Smoke signal recreated in Japan's ancient capital Nara

An event was held in Japan's ancient capital of Nara to recreate a smoke signal thought to be used some 1,400 years ago.

It is believed that people in the Asuka Period, ranging from the late sixth to early eighth century, sent smoke signals to alert of approaching warring forces and other emergencies.

On Saturday, residents and officials of Oji Town in Nara Prefecture, western Japan, gathered at the top of Mount Myojin near the border with Osaka Prefecture. The mountain is an ideal place for a smoke signal, as it offers a wide view of the surroundings.

They set fire to cedar branches inside a large cylindrical object made from drums. White smoke began billowing out from the object.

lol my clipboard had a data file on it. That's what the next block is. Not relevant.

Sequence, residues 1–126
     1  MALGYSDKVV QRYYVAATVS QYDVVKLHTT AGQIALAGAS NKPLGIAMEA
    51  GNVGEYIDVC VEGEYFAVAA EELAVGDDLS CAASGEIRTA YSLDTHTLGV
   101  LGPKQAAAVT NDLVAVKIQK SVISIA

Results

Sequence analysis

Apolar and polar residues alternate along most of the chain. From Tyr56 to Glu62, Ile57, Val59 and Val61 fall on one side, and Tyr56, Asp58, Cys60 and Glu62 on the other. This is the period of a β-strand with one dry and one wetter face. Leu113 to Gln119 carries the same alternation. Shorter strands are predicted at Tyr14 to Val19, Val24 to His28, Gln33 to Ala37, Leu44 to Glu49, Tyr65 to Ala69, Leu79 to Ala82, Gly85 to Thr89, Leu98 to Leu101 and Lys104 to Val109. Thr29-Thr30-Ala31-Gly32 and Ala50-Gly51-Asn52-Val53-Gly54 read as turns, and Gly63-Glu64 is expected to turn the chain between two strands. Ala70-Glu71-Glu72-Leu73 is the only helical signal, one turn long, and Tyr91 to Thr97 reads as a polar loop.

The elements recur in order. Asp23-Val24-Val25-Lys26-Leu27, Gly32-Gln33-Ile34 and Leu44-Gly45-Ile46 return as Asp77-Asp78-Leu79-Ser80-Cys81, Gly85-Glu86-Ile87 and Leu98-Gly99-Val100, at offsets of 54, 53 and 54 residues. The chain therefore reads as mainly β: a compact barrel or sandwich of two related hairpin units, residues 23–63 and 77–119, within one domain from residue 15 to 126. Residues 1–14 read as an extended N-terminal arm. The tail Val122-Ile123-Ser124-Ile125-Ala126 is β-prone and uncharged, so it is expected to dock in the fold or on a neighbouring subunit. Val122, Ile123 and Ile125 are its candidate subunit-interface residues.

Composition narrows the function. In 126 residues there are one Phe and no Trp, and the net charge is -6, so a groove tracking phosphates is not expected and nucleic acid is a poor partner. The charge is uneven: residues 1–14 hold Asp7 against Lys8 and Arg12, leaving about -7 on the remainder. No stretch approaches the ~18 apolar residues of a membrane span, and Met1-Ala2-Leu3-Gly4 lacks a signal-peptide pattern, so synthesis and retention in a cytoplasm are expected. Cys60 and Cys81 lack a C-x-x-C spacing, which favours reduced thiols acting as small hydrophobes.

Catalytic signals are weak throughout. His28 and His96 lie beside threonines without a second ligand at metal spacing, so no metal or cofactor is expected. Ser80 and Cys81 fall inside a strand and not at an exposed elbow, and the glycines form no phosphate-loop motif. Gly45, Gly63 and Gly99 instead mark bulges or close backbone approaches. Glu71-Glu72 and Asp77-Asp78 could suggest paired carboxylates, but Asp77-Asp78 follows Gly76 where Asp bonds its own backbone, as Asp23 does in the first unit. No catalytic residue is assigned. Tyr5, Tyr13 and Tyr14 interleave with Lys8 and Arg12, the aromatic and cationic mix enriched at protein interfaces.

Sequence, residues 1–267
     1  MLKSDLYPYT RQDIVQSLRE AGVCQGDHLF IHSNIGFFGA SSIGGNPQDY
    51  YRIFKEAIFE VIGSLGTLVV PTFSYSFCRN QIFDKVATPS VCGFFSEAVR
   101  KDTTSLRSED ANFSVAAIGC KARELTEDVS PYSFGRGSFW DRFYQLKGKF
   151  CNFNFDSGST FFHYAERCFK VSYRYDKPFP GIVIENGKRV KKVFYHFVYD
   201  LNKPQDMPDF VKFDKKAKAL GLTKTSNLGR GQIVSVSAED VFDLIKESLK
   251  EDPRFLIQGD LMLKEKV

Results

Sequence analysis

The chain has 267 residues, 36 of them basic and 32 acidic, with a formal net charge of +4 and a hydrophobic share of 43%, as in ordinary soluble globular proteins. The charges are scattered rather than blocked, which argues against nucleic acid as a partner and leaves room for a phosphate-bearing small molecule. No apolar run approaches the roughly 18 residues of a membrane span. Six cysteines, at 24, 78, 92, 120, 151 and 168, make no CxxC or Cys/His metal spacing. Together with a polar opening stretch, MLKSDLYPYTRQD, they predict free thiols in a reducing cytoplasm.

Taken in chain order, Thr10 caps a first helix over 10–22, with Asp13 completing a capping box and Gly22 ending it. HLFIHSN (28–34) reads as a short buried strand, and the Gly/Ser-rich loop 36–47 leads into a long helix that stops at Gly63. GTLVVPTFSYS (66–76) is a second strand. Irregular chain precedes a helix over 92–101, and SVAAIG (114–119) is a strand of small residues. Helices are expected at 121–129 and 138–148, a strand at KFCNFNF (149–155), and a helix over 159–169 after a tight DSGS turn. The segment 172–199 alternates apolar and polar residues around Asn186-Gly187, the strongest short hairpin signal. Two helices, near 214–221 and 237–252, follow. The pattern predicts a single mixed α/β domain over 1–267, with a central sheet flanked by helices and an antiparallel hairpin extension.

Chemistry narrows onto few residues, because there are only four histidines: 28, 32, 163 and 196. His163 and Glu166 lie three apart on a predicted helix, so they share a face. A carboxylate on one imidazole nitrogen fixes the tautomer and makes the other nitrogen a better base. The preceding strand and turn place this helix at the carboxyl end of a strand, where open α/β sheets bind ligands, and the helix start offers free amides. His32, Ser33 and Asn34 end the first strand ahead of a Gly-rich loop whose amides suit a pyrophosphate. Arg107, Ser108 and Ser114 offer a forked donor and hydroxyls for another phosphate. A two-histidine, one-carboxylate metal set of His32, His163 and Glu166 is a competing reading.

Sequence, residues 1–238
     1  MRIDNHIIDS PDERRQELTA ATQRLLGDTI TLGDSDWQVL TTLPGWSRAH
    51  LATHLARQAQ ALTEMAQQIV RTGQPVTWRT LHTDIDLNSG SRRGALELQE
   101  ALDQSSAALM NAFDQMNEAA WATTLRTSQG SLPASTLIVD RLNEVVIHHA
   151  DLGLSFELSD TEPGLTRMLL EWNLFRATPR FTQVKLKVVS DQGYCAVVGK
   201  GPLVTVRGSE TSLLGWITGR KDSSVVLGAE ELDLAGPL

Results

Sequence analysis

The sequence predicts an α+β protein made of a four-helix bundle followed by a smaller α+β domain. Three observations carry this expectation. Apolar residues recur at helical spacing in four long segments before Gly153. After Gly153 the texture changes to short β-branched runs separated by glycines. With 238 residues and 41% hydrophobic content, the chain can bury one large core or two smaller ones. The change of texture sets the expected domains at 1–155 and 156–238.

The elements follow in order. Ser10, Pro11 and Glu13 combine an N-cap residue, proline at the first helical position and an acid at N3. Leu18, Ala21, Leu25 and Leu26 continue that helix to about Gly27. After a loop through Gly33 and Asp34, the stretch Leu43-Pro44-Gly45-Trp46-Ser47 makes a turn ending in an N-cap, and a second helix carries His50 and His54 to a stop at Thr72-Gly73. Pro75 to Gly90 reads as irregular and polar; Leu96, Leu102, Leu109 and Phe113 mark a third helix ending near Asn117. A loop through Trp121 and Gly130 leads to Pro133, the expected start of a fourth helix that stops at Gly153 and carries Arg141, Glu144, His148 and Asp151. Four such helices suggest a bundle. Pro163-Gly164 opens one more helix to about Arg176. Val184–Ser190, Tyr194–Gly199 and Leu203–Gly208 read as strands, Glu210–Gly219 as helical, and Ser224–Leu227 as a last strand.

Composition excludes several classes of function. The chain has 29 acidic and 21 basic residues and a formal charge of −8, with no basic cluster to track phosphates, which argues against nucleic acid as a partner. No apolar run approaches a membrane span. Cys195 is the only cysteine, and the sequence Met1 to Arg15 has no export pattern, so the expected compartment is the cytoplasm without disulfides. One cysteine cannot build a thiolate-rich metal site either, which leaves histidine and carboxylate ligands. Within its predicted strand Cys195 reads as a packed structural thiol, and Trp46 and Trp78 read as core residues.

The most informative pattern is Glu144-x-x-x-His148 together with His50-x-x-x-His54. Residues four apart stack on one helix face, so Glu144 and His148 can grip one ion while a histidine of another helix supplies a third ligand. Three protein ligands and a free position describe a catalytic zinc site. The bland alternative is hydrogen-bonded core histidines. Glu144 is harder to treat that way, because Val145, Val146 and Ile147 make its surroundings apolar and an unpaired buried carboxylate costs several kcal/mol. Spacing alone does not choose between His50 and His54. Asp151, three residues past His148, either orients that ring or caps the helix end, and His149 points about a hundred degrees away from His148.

From a hilltop in the village of Asuka, located about 16 kilometers away from the mountain, the village mayor and residents confirmed the smoke. They flew a big balloon into the air to inform the people in Oji that they saw the smoke.

Those who witnessed the smoke signal said they were impressed by the technique employed by the ancient people.

The organizer of the event said he found smoke signals to be a very effective form of communication.